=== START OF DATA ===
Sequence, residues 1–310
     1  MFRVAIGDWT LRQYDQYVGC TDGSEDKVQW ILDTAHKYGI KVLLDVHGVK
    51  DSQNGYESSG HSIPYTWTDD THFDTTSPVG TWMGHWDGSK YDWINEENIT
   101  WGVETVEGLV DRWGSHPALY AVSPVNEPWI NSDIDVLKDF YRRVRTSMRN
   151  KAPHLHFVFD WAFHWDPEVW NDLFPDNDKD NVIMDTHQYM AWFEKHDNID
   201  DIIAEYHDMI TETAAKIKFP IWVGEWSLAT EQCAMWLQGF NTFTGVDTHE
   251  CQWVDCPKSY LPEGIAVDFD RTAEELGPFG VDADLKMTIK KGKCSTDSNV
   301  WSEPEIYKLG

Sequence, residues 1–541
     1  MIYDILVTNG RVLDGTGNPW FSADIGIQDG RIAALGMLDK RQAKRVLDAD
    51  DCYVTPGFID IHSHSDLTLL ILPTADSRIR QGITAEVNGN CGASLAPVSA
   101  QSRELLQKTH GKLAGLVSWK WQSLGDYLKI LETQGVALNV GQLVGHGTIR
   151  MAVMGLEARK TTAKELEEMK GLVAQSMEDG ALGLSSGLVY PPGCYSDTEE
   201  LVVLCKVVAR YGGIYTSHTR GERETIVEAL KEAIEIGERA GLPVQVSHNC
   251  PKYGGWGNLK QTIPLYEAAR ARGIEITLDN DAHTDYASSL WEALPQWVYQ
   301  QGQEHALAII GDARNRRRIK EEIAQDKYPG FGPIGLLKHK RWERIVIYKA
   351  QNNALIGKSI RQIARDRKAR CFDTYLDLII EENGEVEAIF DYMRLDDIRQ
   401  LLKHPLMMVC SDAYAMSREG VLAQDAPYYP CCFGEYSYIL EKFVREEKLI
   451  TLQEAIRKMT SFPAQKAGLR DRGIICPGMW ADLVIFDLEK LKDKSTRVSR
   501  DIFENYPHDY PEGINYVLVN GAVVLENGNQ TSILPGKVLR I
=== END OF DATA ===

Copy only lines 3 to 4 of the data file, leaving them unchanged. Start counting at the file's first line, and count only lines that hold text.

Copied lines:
    51  DSQNGYESSG HSIPYTWTDD THFDTTSPVG TWMGHWDGSK YDWINEENIT
   101  WGVETVEGLV DRWGSHPALY AVSPVNEPWI NSDIDVLKDF YRRVRTSMRN